of some other government official to whom is confided the duty of determining whether the proper occasion exists for
executing the law. But it cannot be said that the exercise of such discretion is the making of the law.

2. CA 548 was passed by the National Assembly in the exercise of the paramount police power of the State. Said Act,
by virtue of which the rules and regulations complained of were promulgated, aims to promote safe transit upon and
avoid obstructions on national roads, in the interest and convenience of the public. In enacting said law, therefore, the
National Assembly was prompted by considerations of public convenience and welfare. It was inspired by a desire to
relieve congestion of traffic, which is, to say the least, a menace to public safety. Public welfare, then, lies at the bottom
of the enactment of said law, and the state in order to promote the general welfare may interfere with personal liberty,
with property, and with business and occupations. Persons and property may be subjected to all kinds of restraints and
burdens, in order to secure the general comfort, health, and prosperity of the state.To this fundamental aim of our
Government the rights of the individual are subordinated.

3. The promotion of social justice is to be achieved not through a mistaken sympathy towards any given group. The
Court defined social justiceas "neither communism, nor despotism, nor atomism, nor anarchy," but the humanization of
laws and the equalization of social and economic forces by the State so that justice in its rational and objectively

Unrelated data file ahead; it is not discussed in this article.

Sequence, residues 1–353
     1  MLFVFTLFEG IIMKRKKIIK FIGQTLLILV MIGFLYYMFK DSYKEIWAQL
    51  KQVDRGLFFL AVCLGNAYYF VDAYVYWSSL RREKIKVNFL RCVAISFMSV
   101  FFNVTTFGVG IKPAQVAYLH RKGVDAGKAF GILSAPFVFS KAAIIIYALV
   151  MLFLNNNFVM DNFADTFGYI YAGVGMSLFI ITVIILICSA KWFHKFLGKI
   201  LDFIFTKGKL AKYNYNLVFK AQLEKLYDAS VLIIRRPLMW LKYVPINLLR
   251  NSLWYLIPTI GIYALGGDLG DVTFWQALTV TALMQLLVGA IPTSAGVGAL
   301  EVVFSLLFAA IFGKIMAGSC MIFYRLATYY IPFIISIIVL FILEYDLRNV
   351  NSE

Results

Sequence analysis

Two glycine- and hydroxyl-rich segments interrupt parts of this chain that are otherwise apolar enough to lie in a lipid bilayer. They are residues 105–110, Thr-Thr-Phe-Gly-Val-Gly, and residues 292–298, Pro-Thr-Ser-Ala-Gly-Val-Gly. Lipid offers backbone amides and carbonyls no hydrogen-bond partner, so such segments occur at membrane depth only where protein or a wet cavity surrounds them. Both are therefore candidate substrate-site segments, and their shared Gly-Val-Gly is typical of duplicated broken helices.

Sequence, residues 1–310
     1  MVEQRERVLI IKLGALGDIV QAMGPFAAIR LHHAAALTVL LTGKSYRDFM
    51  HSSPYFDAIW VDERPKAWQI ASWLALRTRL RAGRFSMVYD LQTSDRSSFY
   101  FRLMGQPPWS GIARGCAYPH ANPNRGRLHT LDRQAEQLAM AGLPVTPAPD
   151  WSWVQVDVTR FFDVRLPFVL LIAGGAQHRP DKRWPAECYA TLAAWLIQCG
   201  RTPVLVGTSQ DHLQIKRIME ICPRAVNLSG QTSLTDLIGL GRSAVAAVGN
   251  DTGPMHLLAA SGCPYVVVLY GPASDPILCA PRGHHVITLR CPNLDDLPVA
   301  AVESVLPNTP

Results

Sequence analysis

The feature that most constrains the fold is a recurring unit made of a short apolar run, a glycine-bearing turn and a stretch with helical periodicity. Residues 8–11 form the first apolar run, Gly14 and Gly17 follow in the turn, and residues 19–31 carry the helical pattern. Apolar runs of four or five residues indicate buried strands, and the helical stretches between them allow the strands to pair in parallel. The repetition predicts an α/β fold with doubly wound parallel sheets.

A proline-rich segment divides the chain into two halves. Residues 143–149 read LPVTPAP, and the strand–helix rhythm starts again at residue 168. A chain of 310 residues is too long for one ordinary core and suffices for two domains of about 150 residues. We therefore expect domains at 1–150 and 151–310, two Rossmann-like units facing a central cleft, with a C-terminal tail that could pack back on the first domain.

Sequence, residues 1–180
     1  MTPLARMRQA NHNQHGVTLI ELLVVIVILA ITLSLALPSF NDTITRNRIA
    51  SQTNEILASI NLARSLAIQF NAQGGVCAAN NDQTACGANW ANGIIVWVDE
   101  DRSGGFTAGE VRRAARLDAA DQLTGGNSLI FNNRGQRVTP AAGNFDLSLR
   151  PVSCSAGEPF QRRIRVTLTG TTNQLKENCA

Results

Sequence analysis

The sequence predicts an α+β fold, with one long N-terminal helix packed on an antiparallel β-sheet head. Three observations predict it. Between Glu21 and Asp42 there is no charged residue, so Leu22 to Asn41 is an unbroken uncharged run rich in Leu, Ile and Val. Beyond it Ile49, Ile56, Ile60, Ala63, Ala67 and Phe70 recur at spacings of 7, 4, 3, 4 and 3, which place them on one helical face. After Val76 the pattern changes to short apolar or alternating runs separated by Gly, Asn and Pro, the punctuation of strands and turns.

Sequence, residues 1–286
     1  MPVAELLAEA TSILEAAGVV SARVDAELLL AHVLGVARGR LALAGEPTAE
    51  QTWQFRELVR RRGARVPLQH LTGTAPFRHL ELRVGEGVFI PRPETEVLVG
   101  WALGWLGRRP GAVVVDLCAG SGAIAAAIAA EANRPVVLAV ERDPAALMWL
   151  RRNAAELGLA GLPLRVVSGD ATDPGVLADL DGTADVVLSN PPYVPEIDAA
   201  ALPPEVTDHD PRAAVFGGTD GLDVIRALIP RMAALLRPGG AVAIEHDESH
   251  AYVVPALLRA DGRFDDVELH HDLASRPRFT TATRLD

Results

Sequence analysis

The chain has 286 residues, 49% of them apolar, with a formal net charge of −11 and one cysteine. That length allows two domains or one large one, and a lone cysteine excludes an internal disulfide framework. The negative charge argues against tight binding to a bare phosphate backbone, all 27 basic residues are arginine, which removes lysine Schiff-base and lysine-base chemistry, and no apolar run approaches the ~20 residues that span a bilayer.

secular conception may at least be approximated. Social justice means the promotion of the welfare of all the people,
the adoption by the Government of measures calculated to insure economic stability of all the competent elements of
society, through the maintenance of a proper economic and social equilibrium in the interrelations of the members of
the community, constitutionally, through the adoption of measures legally justifiable, or extra-constitutionally, through
the exercise of powers underlying the existence of all governments on the time-honored principle of
saluspopuliestsupremalex.

Social justice, therefore, must be founded on the recognition of the necessity of interdependence among divers and
diverse units of a society and of the protection that should be equally and evenly extended to all groups as a
combined force in our social and economic life, consistent with the fundamental and paramount objective of the state of
promoting the health, comfort, and quiet of all persons, and of bringing about "the greatest go006Fd to the greatest
number."
KAS